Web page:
It is D-Day for AT&T’s $85 billion quest to combine with Time Warner. U.S. District Judge Richard Leon is expected to issue his decision later today.
Leon spent weeks hearing the Department of Justice’s case to scrap the deal, as well as the case to greenlight the combo. FOX Business, which was on hand to cover the trial’s memorable moments, offers this chronicle of hits and misses.
A tardy and curt judge
It was Judge Leon’s courtroom, and as anyone present for the proceedings throughout the weeks of testimony could confirm, he was notoriously tardy – usually arriving 15 to 30 minutes later than the starting times he imposed.
Nevertheless, he delivered some zingers, pleading with both sides that “you gotta move” given the length of their witness lists.
AT&T CEO Randall Stephenson and Turner CEO John Martin spent most of their testimonies laying out what they think the merger will accomplish for their companies – especially the ability to use AT&T’s subscriber data to drive ad sales and to make content available on mobile devices. Stephenson spent a lot of his testimony reminding the court of AT&T’s innovations. He went back all the way to Alexander Graham Bell and the founding of Bell Telephone. He also made a sales pitch for a new $15 DirecTV video content package for mobile devices.
Meanwhile, Time Warner CEO Jeff Bewkes told the court that he expects to be out of the job if the merger goes through. He said AT&T Senior Vice President John Stankey, the head of the AT&T-Time Warner merger integration team, will likely succeed him, as Stankey confirmed on the witness stand.
One CEO who didn’t testify, but whose name came up during Stephenson’s testimony, was Facebook CEO Mark Zuckerberg. Just days after Zuckerberg made headlines regarding his Capitol Hill testimony, Stephenson was questioned by the DOJ about an email exchange between him and the Facebook co-founder in which Zuckerberg told Stephenson that he could help AT&T build out its ad capabilities. Stephenson shrugged the email off as a client relationship. AT&T buys ads on Facebook.
Netflix, Amazon and Hulu are no joke
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During testimony, executives had different takes on the rise of Netflix, Amazon Prime, Hulu and other internet-based video services. Several of them pointed out that ad dollars are moving away from television to digital. Turner CEO Martin referred to the new “ecosystem” of video content as an “explosion of choice” while executives at AT&T and Time Warner argued that the merger would allow the companies to compete with the digital landscape through targeted television ads and “data driven” content production resulting from the marriage of AT&T’s subscriber data and Time Warner’s programming.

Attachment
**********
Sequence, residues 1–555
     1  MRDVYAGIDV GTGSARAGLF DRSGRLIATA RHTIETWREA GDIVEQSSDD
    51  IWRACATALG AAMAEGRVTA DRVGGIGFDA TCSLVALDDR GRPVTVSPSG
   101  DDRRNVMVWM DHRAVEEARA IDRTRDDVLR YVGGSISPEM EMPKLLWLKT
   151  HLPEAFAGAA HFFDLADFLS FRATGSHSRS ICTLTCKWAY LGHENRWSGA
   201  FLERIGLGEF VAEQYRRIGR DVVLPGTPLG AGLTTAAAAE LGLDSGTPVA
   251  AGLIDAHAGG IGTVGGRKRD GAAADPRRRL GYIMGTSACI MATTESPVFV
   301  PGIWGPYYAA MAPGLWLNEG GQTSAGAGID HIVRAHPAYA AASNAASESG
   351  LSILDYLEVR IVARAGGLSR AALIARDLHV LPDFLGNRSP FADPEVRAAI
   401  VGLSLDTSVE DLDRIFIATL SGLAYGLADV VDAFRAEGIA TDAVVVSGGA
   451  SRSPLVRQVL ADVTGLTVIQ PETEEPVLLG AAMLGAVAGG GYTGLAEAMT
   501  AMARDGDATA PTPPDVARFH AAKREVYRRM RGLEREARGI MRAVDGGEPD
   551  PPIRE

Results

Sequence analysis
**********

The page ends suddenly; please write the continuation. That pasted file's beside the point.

AT&T CEO Stephenson testified that his company’s DirecTV unit lost 1.2 million subscribers last year to cord-cutting, while Netflix alone gained 2 million subscribers during the last quarter alone. At the end of his testimony, Judge Leon asked Stephenson to predict where the video landscape is headed with digital and TV. Stephenson replied, “If you asked me years ago what the world would look like today, I would’ve missed it.”
College b-ball big bucks
The deal may be valued at a hefty $85 billion, but many of the players were just as interested in March Madness. Opening arguments kicked off on March 22 and mentions of the NCAA basketball tournament were plentiful. March Madness was broadcast on Turner networks TNT, TBS and truTV – owned by Time Warner – as well as CBS. Early witnesses invoked the tournament DAILY during the first two weeks of testimony, using it as an example of Turner’s status as “must-have” programming.
Turner CEO Martin tossed an air ball during his testimony. When a DOJ attorney asked him which network aired the biggest upset in recent tournament history – the loss of No. 1 seed University of Virginia to No. 16 seed University of Maryland, Baltimore County – Martin said he didn’t know. When the attorney pointed out that it was on a Turner network, Martin responded, “I’m not a basketball fan, Sir,” causing laughter to erupt throughout the courtroom. Turner’s sports portfolio, which also includes NBA and MLB games, brings in about $3.6 billion in revenue to Turner, according to Martin’s testimony. This year the Villanova Wildcats delivered an upset of their own besting the Michigan Wolverines.
The main DOJ expert takes a hit
While the CEOs garnered the most media attention, the government hung the bulk of its case on its experts. Carl Shapiro – an economics professor at the University of California at Berkeley– was called to the stand twice during the trial to explain and defend his economic models, which showed the merger could cost DirecTV’s competitors 9% to 14% of their subscribers as well as hundreds of millions of dollars in added costs. Some of those costs would be expected to be passed on to subscribers.
The defense and its main expert tore into Shapiro’s arguments, pointing out that he used 2016 data from AT&T instead of 2017 data and that he didn’t take into account the arbitration offer Turner has given to distributors that protects against Turner’s pulling its programming should a deal with a distributor not be reached. Shapiro also testified that he did not take into account the cord-cutting trend.
Judge Leon perhaps reserved his harshest criticism for Shapiro’s body of work, comparing one of his models to a “Rube Goldberg contraption.”
The original article was published on May 1, 2018.